The Studio Bot is great, but be sure you are not sharing proprietary code unintentionally

Image credit: https://android-developers.googleblog.com/2023/09/studio-bot-expands-to-international-markets.html

If you are using Android Studio Jellyfish or later, you may see the Gemini in Android Studio (formerly Studio Bot). You can ask it many different types of questions right in your IDE. The tool is very smart and has the ability to use your project code in the IDE to improve the responses it is giving you. While this is a helpful feature, if you are working on a proprietary or (commercially or otherwise) sensitive codebase you may not want to share your code with Google. Google is clear about how the data is used in their Privacy Policy and Data and Privacy documentation but even if you personally are happy with these controls, many organisations have stricter policies for their intellectual property (e.g. code).

You can control the sharing of your code right within the settings of Android Studio. You are able to choose to allow all project code, allow specific projects or do not use any project code.

This is from Koala Canary 2, the current version may look different.

You can then make the decision to only allow specific projects by selecting the Ask to decide per project option and checking the associated checkbox for only the specific ones you are happy to allow.

And whilst you may be aware of the risks in sharing sensitive code and have made a conscious decision, anyone else who also uses your codebase within Android Studio may not be and may inadvertently have the Use context from your project to improve responses setting set to true. You still need to protect your codebase and it can be tedious constantly verifying settings with a large team of developers so the best thing is to ensure the code is protected right from your source control.

Excluding code from Gemini Studio Bot

All you need to do to exclude an entire directory is place an empty file named .aiexclude at the top level of the directory (note the preceding period). Then all files within the directory and all subfolders will have the block applied.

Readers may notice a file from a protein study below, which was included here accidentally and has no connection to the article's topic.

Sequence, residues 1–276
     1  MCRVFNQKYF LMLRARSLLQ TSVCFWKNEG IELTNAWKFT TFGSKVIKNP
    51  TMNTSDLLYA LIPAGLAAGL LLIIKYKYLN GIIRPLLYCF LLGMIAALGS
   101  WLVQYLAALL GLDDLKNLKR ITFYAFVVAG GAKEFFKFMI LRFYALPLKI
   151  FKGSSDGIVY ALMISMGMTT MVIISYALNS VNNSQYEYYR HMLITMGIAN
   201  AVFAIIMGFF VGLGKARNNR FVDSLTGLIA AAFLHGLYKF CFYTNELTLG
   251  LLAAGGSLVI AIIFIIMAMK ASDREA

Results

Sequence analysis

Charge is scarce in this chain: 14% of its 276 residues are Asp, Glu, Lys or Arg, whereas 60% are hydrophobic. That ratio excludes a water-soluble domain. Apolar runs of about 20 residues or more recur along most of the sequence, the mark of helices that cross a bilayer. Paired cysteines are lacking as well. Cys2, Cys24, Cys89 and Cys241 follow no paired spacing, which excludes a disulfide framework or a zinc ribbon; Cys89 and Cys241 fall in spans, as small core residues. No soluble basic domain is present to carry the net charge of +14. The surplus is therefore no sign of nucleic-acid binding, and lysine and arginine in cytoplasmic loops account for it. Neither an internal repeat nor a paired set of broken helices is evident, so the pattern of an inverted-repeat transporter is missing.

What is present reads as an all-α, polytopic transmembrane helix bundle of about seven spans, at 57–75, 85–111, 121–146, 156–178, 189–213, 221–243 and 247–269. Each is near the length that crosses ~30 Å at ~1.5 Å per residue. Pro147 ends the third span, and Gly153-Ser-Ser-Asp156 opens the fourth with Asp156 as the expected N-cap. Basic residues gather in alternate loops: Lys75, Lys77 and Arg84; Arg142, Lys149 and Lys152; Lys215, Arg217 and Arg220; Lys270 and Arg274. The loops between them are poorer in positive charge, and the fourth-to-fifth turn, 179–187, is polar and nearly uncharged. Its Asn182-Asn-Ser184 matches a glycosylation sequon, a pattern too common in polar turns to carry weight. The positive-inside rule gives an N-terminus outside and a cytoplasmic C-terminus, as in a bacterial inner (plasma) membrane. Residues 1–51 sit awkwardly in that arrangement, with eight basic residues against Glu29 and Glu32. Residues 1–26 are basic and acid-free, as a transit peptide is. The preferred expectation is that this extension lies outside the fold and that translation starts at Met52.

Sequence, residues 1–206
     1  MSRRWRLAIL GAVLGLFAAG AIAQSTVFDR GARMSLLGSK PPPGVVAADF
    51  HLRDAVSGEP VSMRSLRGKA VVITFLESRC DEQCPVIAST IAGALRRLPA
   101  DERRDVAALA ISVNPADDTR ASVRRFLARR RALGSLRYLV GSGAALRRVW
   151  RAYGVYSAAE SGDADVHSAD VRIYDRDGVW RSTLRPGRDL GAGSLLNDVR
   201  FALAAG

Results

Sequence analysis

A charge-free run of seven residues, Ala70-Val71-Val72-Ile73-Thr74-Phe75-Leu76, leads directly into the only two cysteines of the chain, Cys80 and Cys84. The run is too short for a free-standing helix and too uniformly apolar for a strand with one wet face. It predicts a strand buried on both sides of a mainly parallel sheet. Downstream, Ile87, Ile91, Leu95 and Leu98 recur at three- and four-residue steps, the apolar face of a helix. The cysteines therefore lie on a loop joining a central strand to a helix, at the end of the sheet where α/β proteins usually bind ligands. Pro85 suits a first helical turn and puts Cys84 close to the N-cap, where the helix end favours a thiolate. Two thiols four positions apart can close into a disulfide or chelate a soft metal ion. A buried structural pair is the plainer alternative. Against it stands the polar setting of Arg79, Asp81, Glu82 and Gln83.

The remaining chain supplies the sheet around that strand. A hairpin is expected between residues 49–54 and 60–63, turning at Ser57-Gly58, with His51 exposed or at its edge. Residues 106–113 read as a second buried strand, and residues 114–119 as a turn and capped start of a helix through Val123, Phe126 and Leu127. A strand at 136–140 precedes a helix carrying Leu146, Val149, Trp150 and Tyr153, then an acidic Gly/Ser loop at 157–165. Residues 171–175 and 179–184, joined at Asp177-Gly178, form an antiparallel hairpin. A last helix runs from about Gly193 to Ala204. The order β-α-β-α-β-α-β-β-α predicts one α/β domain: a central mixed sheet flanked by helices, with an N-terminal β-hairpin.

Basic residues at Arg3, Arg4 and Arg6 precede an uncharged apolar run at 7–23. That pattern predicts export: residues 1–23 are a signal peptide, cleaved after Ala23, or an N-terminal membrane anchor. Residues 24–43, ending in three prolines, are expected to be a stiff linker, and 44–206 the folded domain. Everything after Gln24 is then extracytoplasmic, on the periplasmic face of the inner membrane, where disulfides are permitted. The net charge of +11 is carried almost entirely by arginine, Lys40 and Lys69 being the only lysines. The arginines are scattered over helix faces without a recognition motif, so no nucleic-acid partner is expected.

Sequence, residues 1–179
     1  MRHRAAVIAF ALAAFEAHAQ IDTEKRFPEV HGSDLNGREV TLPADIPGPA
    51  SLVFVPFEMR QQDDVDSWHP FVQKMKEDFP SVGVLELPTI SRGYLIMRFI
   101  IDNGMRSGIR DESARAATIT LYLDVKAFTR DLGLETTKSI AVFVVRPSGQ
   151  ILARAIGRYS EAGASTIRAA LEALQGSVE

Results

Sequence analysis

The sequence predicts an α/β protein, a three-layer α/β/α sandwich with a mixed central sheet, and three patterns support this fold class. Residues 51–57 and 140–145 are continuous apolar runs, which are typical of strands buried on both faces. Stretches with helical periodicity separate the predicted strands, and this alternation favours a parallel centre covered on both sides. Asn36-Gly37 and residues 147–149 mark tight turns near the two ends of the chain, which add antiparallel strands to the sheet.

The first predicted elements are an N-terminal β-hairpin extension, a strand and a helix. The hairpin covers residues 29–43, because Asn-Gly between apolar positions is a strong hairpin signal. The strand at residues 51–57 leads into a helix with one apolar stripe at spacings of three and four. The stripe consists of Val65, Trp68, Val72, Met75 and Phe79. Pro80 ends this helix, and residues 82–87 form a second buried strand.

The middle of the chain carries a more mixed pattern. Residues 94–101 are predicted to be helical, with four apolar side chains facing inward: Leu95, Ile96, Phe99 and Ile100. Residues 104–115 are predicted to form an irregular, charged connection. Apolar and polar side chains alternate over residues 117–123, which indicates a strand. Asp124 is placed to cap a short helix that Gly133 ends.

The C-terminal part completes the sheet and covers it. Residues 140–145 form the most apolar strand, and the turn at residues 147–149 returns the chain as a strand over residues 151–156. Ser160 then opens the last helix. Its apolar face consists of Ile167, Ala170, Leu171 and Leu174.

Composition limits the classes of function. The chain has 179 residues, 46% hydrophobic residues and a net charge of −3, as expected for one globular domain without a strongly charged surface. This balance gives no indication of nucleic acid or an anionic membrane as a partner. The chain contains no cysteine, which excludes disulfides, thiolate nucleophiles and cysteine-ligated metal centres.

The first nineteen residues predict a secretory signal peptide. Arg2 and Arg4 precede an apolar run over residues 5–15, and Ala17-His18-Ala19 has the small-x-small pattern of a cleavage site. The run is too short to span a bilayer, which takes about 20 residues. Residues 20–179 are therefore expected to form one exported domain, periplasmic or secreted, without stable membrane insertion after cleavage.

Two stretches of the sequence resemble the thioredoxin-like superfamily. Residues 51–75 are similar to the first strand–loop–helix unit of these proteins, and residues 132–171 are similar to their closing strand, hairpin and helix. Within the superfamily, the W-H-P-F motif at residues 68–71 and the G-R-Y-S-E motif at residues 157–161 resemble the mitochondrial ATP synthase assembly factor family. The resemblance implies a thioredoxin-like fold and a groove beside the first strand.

You can leave it completely empty. I added some comments so other developers (and my future self) will remember what is for and know not to remove it.

Check this file into your source control (git etc.) and it will be picked up by all your developers and will apply this setting (undercover — it won’t actually change the Android Studio setting) when they attempt to use the Gemini Studio Bot. They will still be able to use it as a tool to ask questions about general concepts but the code will not be sent to the AI to provide context on the answers. In theory they could delete this file before using Studio Bot but that is a deliberate decision to share the code (equivalent to uploading the code to a public repository for example).

If you want a little more control over what you are excluding (for example, when only part of your code should be protected) you can treat this .aiexclude file just like a .gitignore file with the same rules. You can simply place the empty file at the top of the directory you want to protect or you can add file names or extensions with wildcards to the file for more fine grained control.

Testing

You might ask, how did I verify (beyond trusting the official documentation) that this would work?

To test this I enabled Use context from your project to improve responses and the Enable AI-based inline code completions option and started modifying a sample app. As expected Gemini Studio Bot helpfully suggested what I might be typing.

Don’t worry, this is not proprietary code! Just my test project for random experiements.

When I added the .aiexclude file and tried the same test the code completion was not supplied indicating this had been turned off.

Autocomplete was useful, but only where I know it doesn’t violate my organisation’s policies.

Even with the .aiexclude file provided I was still able to ask Studio Bot general questions not relating to the specific codebase.

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